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Comments

But the 2.36pm come and get me call didn't work for the state anyhow i.e.: it didn't align with what Jay and Jen were saying about the time Jay received a call and was at Jens house until. This is exactly Welch's point. The states theory of 2.36pm wasn't working with what Jay and Jen were saying yet the jury still convicted Adnan. If the state moved the cagm call to 3.15pm it doesn't change anything.

If the 2.36pm call aligned with what Jay and Jen were saying it would be a different story but the fact is the jury didn't convict on this, they convicted in believing Jay and Jen and all the other evidence.

I think you will find COSA will agree with Welch on prejudice regarding Asia.

Posted by: Ben | Jun 15, 2017 7:45:21 AM

Ben: Well, that’s the problem, right? The jury might have determined that the State’s timeline made no sense but still thought that there was enough overall evidence of Adnan’s guilt to find him guilty beyond a reasonable doubt. On the other hand, the jury might have bought the State’s opening/closing and figured that Jay/Jenn were off by about an hour, with the “come and get me” call coming at 2:36 P.M. and the rest of the timeline generally working.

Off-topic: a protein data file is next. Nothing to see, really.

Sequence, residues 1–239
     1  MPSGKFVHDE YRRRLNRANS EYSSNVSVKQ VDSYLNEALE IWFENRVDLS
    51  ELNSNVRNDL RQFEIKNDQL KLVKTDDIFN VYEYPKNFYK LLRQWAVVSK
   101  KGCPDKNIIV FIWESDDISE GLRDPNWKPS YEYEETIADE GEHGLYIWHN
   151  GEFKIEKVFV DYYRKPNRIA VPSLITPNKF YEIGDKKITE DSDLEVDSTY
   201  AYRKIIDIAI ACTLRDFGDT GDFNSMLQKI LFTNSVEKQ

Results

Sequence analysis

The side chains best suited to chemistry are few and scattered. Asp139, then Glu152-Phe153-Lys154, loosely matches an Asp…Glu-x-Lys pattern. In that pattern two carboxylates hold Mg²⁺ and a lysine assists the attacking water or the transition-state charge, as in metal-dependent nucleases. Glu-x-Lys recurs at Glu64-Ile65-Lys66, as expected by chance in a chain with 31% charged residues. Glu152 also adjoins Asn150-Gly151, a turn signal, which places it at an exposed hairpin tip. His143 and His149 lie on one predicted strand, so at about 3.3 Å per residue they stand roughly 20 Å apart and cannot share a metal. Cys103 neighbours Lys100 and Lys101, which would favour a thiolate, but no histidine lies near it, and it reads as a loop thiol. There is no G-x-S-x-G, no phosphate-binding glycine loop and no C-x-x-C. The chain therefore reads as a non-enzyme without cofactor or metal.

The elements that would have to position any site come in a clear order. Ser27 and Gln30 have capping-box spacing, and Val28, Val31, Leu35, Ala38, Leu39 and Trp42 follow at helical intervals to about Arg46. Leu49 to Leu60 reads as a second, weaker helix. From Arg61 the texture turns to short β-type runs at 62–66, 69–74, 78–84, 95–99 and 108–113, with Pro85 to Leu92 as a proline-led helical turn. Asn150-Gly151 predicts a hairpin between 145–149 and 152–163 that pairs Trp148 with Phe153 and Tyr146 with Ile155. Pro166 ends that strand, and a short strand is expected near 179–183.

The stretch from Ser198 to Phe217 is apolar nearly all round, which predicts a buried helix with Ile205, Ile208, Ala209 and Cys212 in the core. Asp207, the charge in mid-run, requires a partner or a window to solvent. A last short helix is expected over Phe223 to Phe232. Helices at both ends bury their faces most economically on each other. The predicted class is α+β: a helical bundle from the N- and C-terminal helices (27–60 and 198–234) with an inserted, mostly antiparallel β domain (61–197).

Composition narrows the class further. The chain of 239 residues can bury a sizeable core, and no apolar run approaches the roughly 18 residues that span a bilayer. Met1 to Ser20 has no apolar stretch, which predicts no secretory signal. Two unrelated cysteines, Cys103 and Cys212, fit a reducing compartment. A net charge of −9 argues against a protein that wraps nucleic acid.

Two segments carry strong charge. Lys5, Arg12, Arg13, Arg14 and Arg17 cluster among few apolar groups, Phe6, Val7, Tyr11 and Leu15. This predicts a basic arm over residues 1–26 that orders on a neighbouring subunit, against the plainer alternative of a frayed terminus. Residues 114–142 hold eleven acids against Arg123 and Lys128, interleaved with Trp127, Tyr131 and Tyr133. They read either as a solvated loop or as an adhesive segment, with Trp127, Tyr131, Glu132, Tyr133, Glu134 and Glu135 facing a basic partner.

In the latter case, it seems likely that Asia’s testimony, if believed, could have changed the outcome at trial. In the first situation…we don’t know. If for instance, the jurors believed Inez and/or Becky that Hae left Woodlawn in a hurry soon after school ended, Asia’s testimony could have been hugely important, regardless of what the jury thought about the “come and get me” call. Conversely, if the jurors believed Debbie or generally had uncertainty regarding whether Hae left school closer to 3:00 P.M., then Asia’s testimony would be less important.